Too often when we hear a phrase like, "Parents trying to hold the local school accountable," our minds assume that mom and dad are meddling in some way. Maybe they're trying to get a book banned or suing the school for something dumb. Maybe mom and dad are demanding answers as to why Little Johnny can't read even though they've never in their lives read Little Johnny a book.
You know — that sort of thing.
Despite instances of the above, it's important to remember that there are many contexts in which well-informed parents should serve as a robust system of checks-and-balances to make sure schools are making smart decisions and executing those decisions the right way. A perfect example, as illustrated by NPR's Anya Kamenetz, is the recent classroom influx of new forms of educational technology.
Educators and parents alike are finding it tricky to balance two important yet conflicting goals. First, to reduce kids' screen time. Kamenetz references an astounding statistic — that kids aged 8-18 spend about seven and a half hours per day looking at a screen taking in only recreational media. That's a concerning figure for many.
The second goal is to infuse education with technologies relevant to long-lasting success. Computer science, for example, is gaining in popularity as an elementary school subject. Many school districts are introducing initiatives that allow for smartphones and laptops to be used in class. The ostensible goal is for these tools to augment research efforts, their distracting tendencies notwithstanding.
So how can you ensure your kids get a strong technical education without overusing screen devices? That's a million-dollar questions right there. Another important thing for parents to think about is whether the school district's tech initiatives are in the best of interest of all parties with a stake in the game. Take for example Los Angeles Unified's canceled plan to purchase an iPad for every student in the district, an initiative built upon a $1.3 billion deal so greasy the FBI came in to investigate.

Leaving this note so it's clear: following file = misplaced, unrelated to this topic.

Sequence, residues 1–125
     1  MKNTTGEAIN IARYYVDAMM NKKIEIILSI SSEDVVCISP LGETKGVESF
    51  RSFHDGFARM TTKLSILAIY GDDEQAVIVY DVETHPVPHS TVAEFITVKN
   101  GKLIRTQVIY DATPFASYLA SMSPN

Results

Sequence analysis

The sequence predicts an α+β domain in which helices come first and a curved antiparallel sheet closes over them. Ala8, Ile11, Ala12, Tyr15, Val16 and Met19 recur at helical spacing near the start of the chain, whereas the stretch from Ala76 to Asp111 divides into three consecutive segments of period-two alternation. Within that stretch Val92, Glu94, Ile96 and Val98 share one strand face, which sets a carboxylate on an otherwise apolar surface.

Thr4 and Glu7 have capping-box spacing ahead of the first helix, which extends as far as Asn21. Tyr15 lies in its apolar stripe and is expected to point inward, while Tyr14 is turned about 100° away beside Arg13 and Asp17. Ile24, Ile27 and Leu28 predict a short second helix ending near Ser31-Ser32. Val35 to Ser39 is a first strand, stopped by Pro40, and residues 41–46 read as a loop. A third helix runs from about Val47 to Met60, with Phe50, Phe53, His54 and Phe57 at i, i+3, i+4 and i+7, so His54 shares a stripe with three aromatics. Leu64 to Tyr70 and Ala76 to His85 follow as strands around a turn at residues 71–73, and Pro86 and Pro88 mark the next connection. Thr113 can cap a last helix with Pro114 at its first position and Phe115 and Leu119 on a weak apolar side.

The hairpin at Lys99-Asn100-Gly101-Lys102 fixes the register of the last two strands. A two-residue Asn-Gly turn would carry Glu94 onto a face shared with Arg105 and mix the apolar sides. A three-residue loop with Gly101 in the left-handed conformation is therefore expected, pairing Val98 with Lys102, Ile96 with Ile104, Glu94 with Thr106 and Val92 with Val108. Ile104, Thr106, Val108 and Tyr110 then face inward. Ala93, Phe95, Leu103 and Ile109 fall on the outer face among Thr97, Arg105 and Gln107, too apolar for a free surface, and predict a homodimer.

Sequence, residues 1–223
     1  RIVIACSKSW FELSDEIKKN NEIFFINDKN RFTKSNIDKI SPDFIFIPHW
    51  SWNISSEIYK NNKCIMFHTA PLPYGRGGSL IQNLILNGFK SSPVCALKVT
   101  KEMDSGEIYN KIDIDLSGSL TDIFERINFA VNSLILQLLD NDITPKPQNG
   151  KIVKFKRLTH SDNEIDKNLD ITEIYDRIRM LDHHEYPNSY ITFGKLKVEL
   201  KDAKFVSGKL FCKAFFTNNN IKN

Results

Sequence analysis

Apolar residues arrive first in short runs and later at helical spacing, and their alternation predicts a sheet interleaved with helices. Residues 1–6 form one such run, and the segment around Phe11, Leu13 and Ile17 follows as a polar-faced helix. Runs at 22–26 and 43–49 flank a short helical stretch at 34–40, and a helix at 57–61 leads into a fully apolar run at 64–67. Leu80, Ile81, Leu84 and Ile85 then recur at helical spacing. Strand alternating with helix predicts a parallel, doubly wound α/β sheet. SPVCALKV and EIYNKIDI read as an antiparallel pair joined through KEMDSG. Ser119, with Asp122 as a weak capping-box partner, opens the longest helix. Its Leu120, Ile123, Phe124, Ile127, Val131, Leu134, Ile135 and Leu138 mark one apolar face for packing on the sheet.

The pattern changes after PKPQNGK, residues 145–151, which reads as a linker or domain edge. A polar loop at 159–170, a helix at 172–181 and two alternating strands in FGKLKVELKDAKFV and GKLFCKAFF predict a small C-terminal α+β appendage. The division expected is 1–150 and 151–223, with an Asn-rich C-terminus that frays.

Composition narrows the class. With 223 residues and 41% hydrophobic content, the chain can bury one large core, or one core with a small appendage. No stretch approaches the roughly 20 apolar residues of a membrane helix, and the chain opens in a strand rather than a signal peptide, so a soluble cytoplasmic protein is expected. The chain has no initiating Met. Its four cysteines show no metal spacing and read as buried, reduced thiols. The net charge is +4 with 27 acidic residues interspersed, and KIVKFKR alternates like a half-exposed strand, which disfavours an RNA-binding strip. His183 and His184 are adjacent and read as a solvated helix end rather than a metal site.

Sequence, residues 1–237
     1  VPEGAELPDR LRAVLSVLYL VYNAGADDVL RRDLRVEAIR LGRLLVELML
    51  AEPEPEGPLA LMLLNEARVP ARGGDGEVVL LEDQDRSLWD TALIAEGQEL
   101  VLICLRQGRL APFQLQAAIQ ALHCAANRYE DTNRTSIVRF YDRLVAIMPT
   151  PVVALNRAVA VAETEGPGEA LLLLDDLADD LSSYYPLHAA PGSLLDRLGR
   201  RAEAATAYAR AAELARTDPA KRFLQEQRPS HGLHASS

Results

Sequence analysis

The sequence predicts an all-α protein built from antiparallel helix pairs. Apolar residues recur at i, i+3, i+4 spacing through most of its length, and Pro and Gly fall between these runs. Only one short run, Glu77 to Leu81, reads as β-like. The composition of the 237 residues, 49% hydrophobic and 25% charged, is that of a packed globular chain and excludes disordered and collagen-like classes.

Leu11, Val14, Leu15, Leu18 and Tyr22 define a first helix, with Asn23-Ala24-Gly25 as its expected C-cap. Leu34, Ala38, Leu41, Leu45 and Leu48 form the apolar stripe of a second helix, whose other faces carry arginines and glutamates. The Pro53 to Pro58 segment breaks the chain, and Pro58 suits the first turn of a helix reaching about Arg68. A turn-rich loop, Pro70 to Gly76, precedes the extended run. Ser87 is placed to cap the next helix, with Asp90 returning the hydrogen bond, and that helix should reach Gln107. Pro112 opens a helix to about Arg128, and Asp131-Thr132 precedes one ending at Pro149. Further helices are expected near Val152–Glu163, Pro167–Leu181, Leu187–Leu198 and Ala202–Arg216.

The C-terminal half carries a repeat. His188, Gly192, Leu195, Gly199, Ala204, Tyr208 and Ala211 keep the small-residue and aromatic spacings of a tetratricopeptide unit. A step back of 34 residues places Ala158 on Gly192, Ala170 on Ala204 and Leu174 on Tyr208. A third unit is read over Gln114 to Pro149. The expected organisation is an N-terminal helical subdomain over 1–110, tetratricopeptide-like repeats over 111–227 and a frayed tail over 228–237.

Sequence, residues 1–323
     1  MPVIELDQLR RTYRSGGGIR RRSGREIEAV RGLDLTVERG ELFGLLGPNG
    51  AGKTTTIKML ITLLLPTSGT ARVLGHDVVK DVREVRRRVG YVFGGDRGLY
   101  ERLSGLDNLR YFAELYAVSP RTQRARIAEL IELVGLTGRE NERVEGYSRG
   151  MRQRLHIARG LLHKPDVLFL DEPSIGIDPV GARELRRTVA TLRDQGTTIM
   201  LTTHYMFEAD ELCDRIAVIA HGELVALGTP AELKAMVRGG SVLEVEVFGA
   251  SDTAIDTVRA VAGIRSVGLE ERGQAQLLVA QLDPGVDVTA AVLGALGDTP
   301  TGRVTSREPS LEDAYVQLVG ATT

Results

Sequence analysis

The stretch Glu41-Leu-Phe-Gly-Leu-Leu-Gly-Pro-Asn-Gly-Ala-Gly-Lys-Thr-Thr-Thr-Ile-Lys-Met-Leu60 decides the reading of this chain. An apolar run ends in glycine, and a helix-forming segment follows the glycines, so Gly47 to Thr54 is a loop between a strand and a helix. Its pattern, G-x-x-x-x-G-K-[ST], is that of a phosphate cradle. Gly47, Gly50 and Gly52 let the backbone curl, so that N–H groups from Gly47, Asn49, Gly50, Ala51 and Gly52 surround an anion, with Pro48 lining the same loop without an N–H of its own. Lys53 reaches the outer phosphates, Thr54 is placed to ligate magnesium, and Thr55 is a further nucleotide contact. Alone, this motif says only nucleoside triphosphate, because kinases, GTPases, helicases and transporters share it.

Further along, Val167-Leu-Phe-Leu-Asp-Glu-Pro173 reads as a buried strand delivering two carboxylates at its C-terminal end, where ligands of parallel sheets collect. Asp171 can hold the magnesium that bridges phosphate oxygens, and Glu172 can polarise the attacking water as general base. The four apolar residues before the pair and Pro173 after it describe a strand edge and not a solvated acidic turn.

Kamenetz' piece is a basic user's manual for parents to understand the tools, ideas, and lingo behind edu-tech. Think of it as a study guide for mom and dad to understand how to have an intelligent conversation about classroom technology. The phrase "intelligent conversation" can't be stressed enough. The only thing potentially more dangerous than a shady, unchecked school initiative is a legion of uninformed parents spouting nonsensical arguments about topics they know nothing about.
For example, Kamenetz offers guidance for parents who hear their local school say something like, "We're raising money so we can put a tablet in the hands of every kid." To this, parents should ask questions like: "Where are you getting the curriculum?" and "How are you training teachers to use these devices effectively?" Parents should be able to ask whether this sort of curriculum has been successful in the past and how the school plans on evaluating the initiative once it begins.
Ask any teacher to list their top five least favorite things about the job and I guarantee a strong majority will mention lousy, uninformed parents. The corollary to that statement is that parents can also be a major asset to the education process given they put in the work necessary to be informed. It's like democracy — it only works when everyone with something at stake acts as such.
Take a look at the full piece (linked below) for more examples of edu-tech study guide material. Then I recommend watching the videos below featuring two Big Think experts offering cogent arguments on the topic of tech in the classroom.
Read more at NPR.
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